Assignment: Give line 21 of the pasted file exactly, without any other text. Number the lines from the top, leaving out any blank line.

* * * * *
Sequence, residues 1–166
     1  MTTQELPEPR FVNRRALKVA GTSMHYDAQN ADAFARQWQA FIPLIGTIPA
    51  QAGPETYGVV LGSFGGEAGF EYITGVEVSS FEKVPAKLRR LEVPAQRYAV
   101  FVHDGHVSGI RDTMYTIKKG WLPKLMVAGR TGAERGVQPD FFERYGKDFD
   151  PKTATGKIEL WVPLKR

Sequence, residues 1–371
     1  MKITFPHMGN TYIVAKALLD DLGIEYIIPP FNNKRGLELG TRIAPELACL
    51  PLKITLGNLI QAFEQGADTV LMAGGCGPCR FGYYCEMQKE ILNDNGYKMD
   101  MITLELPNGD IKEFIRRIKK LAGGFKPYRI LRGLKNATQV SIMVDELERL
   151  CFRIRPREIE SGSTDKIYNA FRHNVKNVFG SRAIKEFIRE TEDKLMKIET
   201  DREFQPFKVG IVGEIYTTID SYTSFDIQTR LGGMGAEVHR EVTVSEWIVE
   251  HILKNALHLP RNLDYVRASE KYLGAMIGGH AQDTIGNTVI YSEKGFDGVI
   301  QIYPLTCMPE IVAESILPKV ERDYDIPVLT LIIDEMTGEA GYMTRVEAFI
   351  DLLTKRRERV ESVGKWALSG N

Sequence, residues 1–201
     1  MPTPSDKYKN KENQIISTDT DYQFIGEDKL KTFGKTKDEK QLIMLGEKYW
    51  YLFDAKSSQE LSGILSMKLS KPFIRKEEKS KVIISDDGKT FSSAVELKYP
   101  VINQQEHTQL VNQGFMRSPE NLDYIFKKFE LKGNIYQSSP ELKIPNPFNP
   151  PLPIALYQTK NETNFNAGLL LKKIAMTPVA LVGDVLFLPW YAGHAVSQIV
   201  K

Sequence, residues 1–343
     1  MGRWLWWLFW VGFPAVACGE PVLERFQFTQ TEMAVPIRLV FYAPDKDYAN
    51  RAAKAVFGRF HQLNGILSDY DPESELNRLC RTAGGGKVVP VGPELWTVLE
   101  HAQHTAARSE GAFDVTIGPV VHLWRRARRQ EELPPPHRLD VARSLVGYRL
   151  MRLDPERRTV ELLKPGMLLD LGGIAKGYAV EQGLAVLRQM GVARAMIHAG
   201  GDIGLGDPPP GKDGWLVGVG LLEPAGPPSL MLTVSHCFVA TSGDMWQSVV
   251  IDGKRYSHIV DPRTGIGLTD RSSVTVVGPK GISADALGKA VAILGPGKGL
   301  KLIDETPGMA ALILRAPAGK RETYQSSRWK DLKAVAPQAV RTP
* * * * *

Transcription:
Sequence, residues 1–343